Stage-specific modulation of antimüllerian hormone promotes primate follicular development and oocyte maturation in the matrix-free three-dimensional culture
In the presence of follicle-stimulating hormone, antimullerian hormone supplementation at the preantral stage and depletion at the antral stage promote primate follicular development in vitro, with enhanced oocyte competence.
Volume 110, Issue 6, Pages 1162–1172
Jing Xu, Ph.D., Maralee S. Lawson, B.S., Shoukhrat M. Mitalipov, Ph.D., Byung S. Park, Ph.D., Fuhua Xu, Ph.D.
To study whether follicular growth and oocyte maturation can be improved by antimüllerian hormone (AMH) modulation at specific stages of follicular development.
Primary and secondary follicles were cultured in a matrix-free system and were assigned to the control group and the group with AMH supplementation during the preantral stage and neutralizing AMH antibody addition during the antral stage.
National primate research center.
Adult, female rhesus macaques (Macaca mulatta).
Main Outcome Measure(s)
Follicle survival, growth, steroid and paracrine factor production, and oocyte competence were evaluated. Follicles were assessed for expression of genes that are critical for gonadotropin signaling, cumulus cell glycolysis, and oocyte quality.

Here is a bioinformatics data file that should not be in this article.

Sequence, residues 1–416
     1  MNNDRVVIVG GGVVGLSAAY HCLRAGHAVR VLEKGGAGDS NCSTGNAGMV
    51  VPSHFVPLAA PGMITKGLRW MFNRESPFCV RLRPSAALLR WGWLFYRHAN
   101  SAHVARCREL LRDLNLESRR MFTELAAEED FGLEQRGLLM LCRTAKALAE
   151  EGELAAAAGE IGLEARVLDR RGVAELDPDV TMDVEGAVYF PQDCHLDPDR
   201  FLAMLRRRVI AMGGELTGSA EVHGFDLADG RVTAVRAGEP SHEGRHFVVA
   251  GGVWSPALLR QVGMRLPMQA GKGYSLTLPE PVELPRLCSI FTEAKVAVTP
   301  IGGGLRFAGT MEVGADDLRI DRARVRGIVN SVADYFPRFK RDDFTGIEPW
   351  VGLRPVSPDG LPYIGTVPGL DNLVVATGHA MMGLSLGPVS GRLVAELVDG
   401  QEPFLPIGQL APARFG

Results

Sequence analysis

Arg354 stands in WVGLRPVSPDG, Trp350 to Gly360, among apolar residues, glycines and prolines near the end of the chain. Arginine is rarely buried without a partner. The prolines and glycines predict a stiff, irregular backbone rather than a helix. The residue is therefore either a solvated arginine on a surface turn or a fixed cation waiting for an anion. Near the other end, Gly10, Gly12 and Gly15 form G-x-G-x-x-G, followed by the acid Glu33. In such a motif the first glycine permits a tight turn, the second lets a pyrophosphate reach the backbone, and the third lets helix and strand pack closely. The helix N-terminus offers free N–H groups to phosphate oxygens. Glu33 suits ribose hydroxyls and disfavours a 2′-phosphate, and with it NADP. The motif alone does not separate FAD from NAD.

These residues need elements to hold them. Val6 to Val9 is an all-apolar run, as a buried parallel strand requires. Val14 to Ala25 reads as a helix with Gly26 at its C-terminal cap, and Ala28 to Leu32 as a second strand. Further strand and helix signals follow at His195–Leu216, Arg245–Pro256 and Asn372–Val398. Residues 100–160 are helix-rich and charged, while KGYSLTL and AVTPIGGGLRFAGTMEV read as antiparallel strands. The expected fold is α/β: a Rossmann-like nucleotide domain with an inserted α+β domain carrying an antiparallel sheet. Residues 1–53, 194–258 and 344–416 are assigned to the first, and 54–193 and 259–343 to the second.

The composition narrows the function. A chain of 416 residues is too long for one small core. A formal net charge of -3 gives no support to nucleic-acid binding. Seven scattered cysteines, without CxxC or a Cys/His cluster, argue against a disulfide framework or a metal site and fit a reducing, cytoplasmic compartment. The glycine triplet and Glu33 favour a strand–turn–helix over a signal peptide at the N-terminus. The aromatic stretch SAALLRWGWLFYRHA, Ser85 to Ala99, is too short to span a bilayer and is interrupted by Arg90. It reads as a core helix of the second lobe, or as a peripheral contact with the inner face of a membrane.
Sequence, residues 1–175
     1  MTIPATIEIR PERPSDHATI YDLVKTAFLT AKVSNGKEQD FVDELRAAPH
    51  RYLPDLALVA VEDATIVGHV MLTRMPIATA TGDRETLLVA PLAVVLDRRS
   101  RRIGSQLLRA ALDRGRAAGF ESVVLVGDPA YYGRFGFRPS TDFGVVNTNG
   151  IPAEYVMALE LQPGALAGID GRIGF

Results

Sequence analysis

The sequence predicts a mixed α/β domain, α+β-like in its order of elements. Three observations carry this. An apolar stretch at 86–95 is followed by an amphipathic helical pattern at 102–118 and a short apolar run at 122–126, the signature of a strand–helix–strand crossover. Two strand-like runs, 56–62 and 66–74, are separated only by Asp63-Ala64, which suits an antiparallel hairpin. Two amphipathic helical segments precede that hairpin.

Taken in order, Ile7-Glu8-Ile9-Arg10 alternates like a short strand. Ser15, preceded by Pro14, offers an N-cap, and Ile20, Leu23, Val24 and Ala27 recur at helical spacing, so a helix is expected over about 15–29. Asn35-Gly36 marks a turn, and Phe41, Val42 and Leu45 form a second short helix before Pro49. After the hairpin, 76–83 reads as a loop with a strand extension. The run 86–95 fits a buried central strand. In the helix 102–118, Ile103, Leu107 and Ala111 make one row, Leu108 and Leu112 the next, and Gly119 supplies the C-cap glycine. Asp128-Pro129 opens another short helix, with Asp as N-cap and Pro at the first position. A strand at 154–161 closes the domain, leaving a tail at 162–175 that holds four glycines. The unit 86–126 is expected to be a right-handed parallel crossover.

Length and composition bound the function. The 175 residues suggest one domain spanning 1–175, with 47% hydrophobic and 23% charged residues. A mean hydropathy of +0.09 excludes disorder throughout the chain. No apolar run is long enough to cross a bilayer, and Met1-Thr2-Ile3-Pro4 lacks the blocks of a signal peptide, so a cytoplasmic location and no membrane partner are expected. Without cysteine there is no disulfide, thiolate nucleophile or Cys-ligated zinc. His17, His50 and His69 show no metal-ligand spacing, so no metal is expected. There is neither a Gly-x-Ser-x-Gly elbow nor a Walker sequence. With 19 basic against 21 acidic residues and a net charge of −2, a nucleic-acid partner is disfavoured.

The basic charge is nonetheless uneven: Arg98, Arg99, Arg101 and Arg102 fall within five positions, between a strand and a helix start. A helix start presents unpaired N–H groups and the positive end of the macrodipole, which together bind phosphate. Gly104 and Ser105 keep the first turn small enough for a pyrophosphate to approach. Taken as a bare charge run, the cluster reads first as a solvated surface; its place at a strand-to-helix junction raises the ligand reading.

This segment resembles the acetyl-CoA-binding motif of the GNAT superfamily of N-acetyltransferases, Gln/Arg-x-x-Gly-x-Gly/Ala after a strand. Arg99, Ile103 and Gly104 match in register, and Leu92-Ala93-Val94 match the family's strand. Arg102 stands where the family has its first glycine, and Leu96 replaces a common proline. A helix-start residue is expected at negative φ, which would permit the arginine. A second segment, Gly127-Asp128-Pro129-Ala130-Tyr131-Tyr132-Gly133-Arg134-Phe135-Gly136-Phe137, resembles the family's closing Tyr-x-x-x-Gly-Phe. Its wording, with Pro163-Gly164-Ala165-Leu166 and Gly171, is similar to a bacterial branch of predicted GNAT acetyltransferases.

Primary follicles formed “organoids” and developed to the antral stage in group culture. AMH exposure during the preantral stage increased organoid diameters. Oocytes from the AMH-treated organoids had greater diameters and matured to the metaphase II (MII) stage. Secondary follicles developed to the antral stage during individual culture. The AMH exposure during the preantral stage and AMH antibody treatment during the antral stage increased follicle diameters, vascular endothelial growth factor and follistatin production, differentiation factor 9 expression, and oocyte diameters. The MII oocytes from the AMH-modulated group developed to the morula stage after IVF, with one to the blastocyst stage.
AMH supplementation at the preantral stage and depletion at the antral stage enhanced primate follicular development and oocyte competence in vitro. The improved embryonic development supports in vitro follicle maturation as a potential approach for fertility preservation.